Custom-designed haptic training for restoring reaching ability to individuals with poststroke hemiparesis

James L. Patton*, Mark Kovic, Ferdinando A. Mussa-Ivaldi

*Corresponding author for this work

Research output: Contribution to journalArticlepeer-review

92 Scopus citations


We present an initial test of a technique for retraining reaching skills in patients with poststroke hemiparesis, in which errors are temporarily magnified to encourage learning and compensation. Individuals with poststroke hemiparesis held a horizontal plane robotic manipulandum that could exert a variety of forces while recording patients' movements. We measured how well the patients recovered movement straightness in a single visit to the laboratory (∼3 h). Following training, we returned forces to zero for an additional 50 movements to discern if aftereffects lasted. We found that all subjects showed immediate benefit from the training, although 3 of the 10 subjects did not retain these benefits for the remainder of the experiment. We discuss how these approaches demonstrate great potential for rehabilitation tools that augment error to facilitate functional recovery.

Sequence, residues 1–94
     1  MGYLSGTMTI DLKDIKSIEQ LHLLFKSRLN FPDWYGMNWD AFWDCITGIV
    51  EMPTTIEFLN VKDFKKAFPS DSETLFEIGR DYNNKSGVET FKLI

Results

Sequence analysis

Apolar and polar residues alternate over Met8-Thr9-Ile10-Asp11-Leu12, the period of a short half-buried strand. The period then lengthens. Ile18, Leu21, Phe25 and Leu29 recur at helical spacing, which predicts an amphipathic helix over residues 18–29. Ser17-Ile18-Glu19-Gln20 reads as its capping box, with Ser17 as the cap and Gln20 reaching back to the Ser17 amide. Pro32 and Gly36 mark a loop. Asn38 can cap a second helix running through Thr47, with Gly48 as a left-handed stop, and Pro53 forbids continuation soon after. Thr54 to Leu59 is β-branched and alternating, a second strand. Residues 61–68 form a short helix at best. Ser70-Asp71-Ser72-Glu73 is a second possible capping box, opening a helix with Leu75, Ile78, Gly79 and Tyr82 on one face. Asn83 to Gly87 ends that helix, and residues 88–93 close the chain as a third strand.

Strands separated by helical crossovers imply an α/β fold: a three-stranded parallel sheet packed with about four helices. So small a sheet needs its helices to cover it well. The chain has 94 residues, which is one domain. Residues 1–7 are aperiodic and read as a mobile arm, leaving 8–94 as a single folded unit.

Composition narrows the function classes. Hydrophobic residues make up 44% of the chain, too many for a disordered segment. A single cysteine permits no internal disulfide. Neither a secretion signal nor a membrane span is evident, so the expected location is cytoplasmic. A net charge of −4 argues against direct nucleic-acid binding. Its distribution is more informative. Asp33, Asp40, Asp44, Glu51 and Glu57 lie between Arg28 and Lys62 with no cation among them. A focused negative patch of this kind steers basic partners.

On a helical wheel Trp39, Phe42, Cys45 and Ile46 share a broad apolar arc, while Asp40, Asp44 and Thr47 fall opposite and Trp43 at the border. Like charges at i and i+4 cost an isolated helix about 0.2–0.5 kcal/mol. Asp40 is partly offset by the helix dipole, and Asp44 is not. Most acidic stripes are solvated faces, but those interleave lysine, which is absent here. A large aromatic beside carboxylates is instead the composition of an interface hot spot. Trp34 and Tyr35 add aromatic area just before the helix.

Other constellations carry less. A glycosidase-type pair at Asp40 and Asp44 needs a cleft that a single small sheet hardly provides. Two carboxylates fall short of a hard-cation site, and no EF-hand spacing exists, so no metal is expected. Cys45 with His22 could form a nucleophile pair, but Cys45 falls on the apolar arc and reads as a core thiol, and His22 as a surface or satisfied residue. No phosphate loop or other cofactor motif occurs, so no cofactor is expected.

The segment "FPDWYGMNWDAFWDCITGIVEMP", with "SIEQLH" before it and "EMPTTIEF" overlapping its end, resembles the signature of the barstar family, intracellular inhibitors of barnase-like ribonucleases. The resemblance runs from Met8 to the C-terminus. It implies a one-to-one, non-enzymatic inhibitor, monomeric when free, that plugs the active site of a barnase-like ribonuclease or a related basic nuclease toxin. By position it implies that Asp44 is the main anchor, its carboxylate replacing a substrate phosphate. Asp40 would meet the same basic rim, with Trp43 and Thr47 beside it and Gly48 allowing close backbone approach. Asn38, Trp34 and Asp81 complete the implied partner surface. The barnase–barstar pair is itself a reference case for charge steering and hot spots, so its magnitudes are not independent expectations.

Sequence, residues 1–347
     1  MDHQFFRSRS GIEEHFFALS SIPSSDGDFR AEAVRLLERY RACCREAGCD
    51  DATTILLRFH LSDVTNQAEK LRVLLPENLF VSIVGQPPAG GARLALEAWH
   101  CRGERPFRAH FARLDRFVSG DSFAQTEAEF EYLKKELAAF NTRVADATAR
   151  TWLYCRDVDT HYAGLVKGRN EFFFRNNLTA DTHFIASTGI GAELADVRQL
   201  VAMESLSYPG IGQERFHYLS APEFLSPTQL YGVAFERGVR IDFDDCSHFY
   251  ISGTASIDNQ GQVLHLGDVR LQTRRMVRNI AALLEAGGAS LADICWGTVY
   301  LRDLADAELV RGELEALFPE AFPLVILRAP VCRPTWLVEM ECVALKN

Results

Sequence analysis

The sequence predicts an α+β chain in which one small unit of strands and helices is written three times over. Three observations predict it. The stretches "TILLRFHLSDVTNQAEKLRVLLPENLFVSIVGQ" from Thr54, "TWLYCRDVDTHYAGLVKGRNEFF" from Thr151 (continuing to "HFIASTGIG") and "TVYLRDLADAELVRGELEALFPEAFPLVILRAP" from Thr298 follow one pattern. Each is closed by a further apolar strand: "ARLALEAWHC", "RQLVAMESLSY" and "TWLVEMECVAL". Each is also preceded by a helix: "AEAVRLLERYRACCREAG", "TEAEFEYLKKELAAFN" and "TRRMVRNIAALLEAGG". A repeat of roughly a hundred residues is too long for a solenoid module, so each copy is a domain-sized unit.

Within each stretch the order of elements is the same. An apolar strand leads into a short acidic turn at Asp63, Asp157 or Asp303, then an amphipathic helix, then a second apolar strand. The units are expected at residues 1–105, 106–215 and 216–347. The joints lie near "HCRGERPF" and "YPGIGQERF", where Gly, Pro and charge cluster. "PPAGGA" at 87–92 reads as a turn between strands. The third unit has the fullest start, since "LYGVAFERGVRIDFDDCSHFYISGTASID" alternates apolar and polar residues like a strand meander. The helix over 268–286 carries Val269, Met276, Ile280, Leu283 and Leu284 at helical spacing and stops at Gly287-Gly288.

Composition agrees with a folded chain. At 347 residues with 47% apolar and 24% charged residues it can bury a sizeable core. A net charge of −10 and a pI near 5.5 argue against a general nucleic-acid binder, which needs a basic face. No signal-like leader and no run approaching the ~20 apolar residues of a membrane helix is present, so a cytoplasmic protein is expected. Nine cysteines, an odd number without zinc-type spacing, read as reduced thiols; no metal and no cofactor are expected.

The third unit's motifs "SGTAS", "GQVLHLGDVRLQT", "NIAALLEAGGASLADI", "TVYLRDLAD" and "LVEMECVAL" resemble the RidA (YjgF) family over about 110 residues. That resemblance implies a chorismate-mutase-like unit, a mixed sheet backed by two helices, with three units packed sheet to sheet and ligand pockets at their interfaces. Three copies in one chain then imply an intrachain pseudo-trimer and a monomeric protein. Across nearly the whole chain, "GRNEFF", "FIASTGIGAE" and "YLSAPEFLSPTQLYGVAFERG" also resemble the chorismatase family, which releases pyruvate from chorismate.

Original languageEnglish (US)
Pages (from-to)643-655
Number of pages13
JournalJournal of Rehabilitation Research and Development
Issue number5
StatePublished - Sep 2006


  • Adaptation
  • Control
  • Cortex
  • Force fields
  • Haptics
  • Hemiparesis
  • Human
  • Human-machine interface
  • Impairment
  • Lesion
  • Motor learning
  • Rehabilitation
  • Robots
  • Stroke
  • Teaching

ASJC Scopus subject areas

  • Rehabilitation


Dive into the research topics of 'Custom-designed haptic training for restoring reaching ability to individuals with poststroke hemiparesis'. Together they form a unique fingerprint.

Cite this